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The mission of the International Association of Bryologists (IAB), as a society, is to strengthen bryology by encouraging interactions among all persons interested in byophytes.

Monday, November 9, 2009

BRYONET: Paper on climate change tundra bryophytes

BRYONET

Hi all,
I noticed emails about climate change papers some time ago.
Please contact me if you want a pdf copy of the following paper:
"Plant community responses to 5 years of simulated climate change in
meadow and heath ecosystems at a subarctic-alpine site", by: Annika K.
Jägerbrand, Juha M. Alatalo, Dillon Chrimes & Ulf Molau, 2009. Oecologia
161: 601-610.
Bryophytes are included as a group but also on species level.

Abstract:
Climate change was simulated by increasing temperature and nutrient
availability in an alpine landscape. We conducted a Weld experiment of
BACI-design (before/after control/impact) running for five seasons in
two alpine communities (heath and meadow) with the factors temperature
(increase of ca. 1.5-3.0°C) and nutrients (5 g N, 5 g P per m2) in a
fully factorial design in northern Swedish Lapland. The response
variables were abundances of plant species and functional types. Plant
community responses to the experimental perturbations were investigated,
and the responses of plant functional types were examined in comparison
to responses at the species level. Nutrient addition, exclusively and in
combination with enhanced temperature
increase, exerted the most pronounced responses at the species-specific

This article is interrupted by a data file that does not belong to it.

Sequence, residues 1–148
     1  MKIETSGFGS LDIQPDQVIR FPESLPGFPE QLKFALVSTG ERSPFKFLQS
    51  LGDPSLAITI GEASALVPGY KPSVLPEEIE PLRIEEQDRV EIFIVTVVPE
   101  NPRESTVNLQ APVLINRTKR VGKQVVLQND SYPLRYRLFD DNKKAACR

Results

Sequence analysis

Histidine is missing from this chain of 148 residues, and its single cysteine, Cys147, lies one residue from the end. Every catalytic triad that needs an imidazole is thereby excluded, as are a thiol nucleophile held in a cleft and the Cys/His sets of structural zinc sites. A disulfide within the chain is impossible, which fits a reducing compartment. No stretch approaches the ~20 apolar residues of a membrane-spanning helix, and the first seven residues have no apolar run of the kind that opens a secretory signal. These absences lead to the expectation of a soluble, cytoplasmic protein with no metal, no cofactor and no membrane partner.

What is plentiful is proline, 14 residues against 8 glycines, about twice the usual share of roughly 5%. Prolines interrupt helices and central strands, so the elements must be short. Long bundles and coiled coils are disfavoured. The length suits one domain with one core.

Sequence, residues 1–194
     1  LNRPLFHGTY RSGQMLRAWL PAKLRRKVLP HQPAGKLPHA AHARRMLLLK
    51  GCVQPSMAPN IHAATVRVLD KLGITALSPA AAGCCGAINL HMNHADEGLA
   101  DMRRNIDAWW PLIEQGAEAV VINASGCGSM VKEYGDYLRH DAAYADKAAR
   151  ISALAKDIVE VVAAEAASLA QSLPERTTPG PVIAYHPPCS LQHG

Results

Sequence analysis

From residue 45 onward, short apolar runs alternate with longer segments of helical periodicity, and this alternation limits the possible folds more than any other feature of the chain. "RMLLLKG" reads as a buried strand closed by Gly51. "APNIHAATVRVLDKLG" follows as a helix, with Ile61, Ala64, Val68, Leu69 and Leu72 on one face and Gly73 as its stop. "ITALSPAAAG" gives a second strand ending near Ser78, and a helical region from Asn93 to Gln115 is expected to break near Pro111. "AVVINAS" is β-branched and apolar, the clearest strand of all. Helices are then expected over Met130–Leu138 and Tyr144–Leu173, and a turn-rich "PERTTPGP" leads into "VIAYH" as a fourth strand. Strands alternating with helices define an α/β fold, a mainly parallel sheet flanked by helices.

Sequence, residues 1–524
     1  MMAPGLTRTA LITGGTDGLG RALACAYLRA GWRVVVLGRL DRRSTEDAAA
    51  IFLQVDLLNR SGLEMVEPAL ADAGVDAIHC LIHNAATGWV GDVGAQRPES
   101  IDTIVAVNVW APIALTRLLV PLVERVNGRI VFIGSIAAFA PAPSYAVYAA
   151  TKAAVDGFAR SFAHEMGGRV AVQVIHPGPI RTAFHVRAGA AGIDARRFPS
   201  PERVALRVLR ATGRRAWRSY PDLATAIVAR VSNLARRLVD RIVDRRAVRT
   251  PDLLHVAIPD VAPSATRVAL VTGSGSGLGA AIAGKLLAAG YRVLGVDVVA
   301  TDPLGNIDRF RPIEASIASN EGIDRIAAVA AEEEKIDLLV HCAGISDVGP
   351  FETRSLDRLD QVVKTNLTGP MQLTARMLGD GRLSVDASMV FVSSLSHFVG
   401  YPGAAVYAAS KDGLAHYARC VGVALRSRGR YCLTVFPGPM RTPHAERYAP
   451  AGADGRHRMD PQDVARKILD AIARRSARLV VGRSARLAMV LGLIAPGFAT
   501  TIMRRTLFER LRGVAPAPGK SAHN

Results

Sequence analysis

and community levels. The main responses to
nutrient addition were increases in graminoids and forbs, whereas
deciduous shrubs, evergreen shrubs, bryophytes,
and lichens decreased. The two plant communities of heath or meadow
showed diVerent vegetation responses to the
environmental treatments despite the fact that both communities were
located on the same subarctic-alpine site. Furthermore,
we showed that the abundance of forbs increased in response to the
combined treatment of temperature and nutrient addition in the meadow
plant community. Within a single-plant functional type, most species
responded similarly to the enhanced treatments although there were
exceptions, particularly in the moss and lichen functional types. Plant
community structure showed BACI responses in that vegetation dominance
relationships in the existing plant functional types changed to varying
degrees in all plots, including control plots. Betula nana and lichens
increased in the temperature-increased enhancements and in control plots
in the heath plant community during the treatment period. The increases
in control plots were probably a
response to the observed warming during the treatment period in the region.

Keywords: Nutrient addition · Warming ·Plant functional types ·
Bryophytes · Lichens

/Annika

vti
Annika Jägerbrand, Fil.Dr. / Ph.D.
Miljöforskare / Environmental Researcher
Miljö och trafikanalys / Environment and traffic analysis
Statens väg- och transportforskningsinstitut
Swedish National Road and Transport Research Institute
VTI / Olaus Magnus väg 35 / SE-581 95 Linköping / Sweden
Tel: +46-13-20 4219, Mobile: +46-709-430492 Fax: +46-13-14 1436

VTI is an independent, internationally established research institute
which is engaged in the transport sector. Our core competence is in the
fields of safety, economy, environment, traffic and transport analysis,
public transport, behaviour and the man-vehicle-transport system
interaction, and in road design, operation and maintenance. VTI is a
world leader in several areas, for instance in simulator technology.

www.vti.se<http://www.vti.se>
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